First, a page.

From the summary:
In a research paper for the AARP Public Policy Institute, David Stapleton of Mathematica Policy Research, Inc., proposes a new program that could help “break the deadlock” that stymies efforts to adopt policies that encourage later retirement. Stapleton describes a program which he calls Employment Support for the Transition to Retirement (ESTR).
Stapleton envisions a program that would provide assistance to workers who experience large involuntary earnings losses as they approach age 62. He calls for a wide range of benefits, tailored to individual need–including wage subsidies and other work supports, health insurance subsidies, disability benefits, extended unemployment benefits, and employment counseling. The elements of ESTR are not new; they can be found in existing federal and state programs that benefit older workers. What is new is the idea of a substantial and coordinated expansion of these elements in the context of retirement policy reform.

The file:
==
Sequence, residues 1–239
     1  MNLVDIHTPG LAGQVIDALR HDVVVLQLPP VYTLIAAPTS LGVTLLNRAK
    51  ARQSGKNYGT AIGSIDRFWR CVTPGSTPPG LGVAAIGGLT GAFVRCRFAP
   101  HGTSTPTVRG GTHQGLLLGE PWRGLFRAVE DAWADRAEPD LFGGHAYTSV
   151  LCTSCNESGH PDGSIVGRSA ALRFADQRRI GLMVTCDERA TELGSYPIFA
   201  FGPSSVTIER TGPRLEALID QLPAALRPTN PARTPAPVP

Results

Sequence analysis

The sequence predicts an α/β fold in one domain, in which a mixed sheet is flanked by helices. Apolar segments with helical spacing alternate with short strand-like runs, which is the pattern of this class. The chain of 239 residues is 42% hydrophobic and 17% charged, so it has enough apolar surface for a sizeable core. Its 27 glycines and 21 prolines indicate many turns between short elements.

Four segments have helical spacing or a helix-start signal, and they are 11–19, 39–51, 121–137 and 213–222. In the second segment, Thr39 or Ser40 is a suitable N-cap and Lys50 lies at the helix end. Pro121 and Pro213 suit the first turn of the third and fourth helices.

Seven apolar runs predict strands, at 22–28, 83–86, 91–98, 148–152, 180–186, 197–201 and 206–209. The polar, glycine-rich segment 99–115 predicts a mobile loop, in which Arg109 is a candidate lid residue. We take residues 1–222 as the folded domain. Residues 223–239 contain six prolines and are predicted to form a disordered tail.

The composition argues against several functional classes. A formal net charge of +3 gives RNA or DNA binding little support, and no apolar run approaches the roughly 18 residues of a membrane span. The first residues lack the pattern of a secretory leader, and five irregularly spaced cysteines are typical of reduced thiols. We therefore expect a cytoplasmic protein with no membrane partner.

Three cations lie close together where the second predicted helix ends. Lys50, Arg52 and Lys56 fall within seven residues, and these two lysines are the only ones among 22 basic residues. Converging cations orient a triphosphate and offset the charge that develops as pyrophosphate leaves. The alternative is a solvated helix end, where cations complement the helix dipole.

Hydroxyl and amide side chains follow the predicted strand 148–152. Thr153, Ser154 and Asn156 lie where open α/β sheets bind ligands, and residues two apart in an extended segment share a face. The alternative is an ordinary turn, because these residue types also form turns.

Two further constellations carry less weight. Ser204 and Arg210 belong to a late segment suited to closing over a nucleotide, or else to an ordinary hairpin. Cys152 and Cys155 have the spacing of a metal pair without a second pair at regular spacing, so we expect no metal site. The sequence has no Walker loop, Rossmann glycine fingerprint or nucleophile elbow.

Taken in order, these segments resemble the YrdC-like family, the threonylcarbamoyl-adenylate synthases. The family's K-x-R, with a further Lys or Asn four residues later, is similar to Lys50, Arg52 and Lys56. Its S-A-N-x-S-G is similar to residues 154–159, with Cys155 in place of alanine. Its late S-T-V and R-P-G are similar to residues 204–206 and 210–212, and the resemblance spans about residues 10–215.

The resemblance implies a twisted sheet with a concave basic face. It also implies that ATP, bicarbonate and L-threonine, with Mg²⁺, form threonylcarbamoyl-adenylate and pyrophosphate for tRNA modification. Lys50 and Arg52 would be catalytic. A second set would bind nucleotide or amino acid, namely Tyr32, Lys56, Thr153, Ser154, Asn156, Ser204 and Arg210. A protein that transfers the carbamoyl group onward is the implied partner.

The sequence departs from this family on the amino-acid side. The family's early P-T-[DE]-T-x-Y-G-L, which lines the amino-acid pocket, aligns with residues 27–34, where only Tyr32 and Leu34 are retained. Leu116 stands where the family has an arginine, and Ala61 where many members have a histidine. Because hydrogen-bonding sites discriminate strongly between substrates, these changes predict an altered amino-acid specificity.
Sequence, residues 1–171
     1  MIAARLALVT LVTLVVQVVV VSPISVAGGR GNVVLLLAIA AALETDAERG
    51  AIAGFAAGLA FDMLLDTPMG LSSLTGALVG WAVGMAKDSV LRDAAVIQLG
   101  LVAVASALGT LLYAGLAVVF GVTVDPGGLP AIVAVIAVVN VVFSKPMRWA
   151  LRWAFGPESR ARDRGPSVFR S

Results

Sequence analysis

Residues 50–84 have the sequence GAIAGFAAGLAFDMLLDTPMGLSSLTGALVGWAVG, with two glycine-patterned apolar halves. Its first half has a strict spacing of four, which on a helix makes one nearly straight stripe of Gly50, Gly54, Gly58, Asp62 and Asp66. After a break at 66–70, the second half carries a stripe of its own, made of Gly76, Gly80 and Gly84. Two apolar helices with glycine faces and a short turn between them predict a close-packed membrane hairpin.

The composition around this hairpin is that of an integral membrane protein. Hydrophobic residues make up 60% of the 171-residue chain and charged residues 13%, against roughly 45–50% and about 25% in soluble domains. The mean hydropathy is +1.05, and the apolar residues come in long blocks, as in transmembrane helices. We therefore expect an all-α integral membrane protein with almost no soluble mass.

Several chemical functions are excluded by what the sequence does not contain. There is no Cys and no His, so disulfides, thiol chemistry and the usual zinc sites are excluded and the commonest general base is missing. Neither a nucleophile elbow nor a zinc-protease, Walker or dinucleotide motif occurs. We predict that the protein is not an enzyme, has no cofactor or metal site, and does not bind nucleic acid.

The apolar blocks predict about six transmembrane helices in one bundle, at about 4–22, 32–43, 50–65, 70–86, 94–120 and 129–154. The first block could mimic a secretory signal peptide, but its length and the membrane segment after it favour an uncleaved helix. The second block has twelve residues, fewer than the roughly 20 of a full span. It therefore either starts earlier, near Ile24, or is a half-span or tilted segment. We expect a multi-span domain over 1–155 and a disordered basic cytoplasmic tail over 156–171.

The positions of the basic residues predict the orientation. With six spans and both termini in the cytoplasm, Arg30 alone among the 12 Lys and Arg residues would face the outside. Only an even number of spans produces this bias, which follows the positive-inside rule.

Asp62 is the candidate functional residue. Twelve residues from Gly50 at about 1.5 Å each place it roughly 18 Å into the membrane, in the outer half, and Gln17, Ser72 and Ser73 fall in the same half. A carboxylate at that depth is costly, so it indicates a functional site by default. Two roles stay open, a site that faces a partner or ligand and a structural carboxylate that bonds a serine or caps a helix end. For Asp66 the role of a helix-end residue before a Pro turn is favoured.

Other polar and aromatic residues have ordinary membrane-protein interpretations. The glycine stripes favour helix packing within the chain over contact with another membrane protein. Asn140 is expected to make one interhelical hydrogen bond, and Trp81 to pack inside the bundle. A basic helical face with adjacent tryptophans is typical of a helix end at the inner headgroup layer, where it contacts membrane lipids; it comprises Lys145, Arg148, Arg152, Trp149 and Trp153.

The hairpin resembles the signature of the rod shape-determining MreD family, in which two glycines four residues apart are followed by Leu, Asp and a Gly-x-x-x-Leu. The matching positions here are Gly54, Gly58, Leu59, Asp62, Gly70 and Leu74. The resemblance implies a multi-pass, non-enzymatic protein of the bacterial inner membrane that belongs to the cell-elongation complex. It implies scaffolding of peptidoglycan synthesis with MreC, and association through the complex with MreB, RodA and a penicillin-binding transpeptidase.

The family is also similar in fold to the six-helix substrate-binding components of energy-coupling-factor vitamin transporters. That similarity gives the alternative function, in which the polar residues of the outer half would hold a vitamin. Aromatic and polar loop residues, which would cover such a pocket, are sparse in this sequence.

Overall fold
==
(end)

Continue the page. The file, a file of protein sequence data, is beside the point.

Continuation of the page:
A fundamental question about ESTR is whether it will be possible, in a practical, administrative context, to draw a line between voluntary and involuntary reductions in the worker’s earnings.